Access to affordable and high quality health services and participation in decisions relating to their health are basic rights of all Australians and an important element of social justice.

Over the past five years the Government has instituted major changes in health care in Australia; changes which have resulted in a better and fairer health system for all Australians.

Medicare llllllll One of the Government's first major initiatives was the introduction in 1984, of Medicare - a major social reform which provides a

universal and equitable system of health care for all Australians, financed on the basis of each person's capacity to pay. Medicare provides:

• automatic entitlement under a single public health insurance fund to medical and optometrical benefits for all Australian residents. Medicare provides a safety net by meeting 85 per cent of the schedule fee, for medical services provided out of

hospital with a maximum patient contribution for each service of $20. Doctors are also able to bulk bill for all patients and thereby eliminate any patient charge; • as an additional safety net, once the cumulative total of a

patient's 'gap' contributions reaches $150, Medicare meets the full cost of subsequent claims until the end of the financial year; • free shared ward accommodation and in-patient and out-patient treatment at public hospitals; and • subsidies for private treatment in public hospitals. Medicare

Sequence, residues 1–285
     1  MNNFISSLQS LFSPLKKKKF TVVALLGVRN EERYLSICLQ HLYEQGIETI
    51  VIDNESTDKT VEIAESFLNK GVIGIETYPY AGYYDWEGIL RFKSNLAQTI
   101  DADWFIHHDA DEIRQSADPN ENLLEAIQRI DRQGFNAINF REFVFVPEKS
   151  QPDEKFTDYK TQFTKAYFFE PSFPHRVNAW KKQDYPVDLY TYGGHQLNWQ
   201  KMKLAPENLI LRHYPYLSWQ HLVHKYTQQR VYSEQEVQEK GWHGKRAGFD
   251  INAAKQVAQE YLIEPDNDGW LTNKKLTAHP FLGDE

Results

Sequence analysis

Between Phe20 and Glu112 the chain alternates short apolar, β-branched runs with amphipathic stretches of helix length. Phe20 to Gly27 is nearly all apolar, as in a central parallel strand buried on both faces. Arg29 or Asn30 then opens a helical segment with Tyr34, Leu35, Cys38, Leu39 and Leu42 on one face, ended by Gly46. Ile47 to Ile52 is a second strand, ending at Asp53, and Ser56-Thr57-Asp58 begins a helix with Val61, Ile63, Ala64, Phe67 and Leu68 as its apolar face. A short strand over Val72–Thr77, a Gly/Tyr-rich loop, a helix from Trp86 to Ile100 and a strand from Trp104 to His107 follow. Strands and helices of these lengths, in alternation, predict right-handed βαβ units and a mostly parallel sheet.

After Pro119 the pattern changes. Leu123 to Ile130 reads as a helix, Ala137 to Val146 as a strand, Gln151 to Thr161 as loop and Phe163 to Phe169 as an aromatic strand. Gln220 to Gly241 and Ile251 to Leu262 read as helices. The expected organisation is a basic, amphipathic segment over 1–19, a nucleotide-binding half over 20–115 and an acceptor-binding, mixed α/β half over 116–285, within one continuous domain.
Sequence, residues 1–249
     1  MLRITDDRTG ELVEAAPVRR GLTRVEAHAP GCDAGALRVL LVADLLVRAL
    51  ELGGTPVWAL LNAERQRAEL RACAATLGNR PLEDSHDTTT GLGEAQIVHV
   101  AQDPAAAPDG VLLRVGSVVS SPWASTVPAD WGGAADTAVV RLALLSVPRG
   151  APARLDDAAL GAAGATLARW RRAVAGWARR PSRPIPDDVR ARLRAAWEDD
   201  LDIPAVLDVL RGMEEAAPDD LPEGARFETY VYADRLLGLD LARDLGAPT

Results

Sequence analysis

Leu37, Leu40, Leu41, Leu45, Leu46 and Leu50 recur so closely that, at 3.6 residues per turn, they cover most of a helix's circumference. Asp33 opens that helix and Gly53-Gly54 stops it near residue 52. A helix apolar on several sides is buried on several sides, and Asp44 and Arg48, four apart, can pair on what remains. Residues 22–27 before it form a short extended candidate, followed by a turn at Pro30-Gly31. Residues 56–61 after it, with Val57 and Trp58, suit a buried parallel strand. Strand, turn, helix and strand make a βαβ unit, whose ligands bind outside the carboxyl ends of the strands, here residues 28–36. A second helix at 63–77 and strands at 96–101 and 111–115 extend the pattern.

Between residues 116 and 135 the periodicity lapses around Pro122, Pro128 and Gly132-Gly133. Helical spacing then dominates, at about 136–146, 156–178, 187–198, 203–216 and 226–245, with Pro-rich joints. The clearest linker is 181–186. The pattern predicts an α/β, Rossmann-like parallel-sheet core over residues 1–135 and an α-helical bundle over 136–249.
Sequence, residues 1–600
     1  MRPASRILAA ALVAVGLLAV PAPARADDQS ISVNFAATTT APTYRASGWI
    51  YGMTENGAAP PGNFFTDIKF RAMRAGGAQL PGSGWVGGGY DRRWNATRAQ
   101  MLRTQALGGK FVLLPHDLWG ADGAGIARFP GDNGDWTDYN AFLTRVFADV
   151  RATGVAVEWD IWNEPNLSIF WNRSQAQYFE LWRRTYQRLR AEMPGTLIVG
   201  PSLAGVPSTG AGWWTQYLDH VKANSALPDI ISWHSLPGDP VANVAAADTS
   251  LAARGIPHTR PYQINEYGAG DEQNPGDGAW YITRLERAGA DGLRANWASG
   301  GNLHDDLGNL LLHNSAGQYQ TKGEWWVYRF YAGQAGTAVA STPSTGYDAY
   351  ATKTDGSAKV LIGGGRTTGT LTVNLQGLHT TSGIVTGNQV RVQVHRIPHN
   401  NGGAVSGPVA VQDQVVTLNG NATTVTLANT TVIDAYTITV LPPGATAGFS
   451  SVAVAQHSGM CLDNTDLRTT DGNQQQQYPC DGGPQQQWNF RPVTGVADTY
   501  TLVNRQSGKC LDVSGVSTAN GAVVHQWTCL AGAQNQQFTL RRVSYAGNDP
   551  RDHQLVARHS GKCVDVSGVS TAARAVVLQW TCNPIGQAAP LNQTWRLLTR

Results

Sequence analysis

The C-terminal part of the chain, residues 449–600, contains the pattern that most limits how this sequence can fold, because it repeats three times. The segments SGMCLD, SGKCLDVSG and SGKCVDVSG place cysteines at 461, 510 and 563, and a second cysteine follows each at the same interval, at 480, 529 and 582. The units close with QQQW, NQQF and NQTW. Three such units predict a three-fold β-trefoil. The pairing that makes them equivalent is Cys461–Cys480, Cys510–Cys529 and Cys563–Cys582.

currently meets 75 per cent of the schedule fee for medical services provided to hospital in-patients and day surgery patients under private care. The difference between the Medicare benefit and the schedule fee is covered by basic private health insurance.

The introduction of Medicare is a major contribution to increasing the social wage. Prior to Medicare, two million Australians were without health insurance, with many of those not receiving adequate health care because of their inability to pay for it. Surveys show that in 1983 a higher proportion of high income earners than low income earners had health insurance cover and that a major reason for not having health insurance, particularly amongst married couples with dependent children, was cost.

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thresholds are $8,980 a year for individuals and $15,090 for couples, with an addition of $2,100 to the threshold for each dependent child or student.

The Government also provides assistance to the States to reduce public hospital waiting lists for some types of elective surgery. A cost-shared program has been established for this purpose to

which the Commonwealth will contribute $50m over the two years to June 1989.

A further Commonwealth contribution to the public hospital system has been the Medicare capital equipment progam, which greatly improved public hospital equipment through the provision of $150m between 1985/86 and 1987/88.

Pharmaceutical benefits IIIIIEII Social justice requires that every Australian, regardless of means, should be able to obtain pharmaceutical prescriptions at an

affordable price. The present pharmaceutical scheme protects both low income earners and those who need a large number of prescriptions.

For general purchasers of pharmaceuticals the maximum payment for each script is $10, with the Government meeting any additional charge under the Pharmaceutical Benefits Scheme (PBS). The scheme provides free pharmaceuticals to most pensioners and certain social security beneficiaries. Other low income groups, including the unemployed, receive a Health Care Card and pay only $2.50 for each prescription.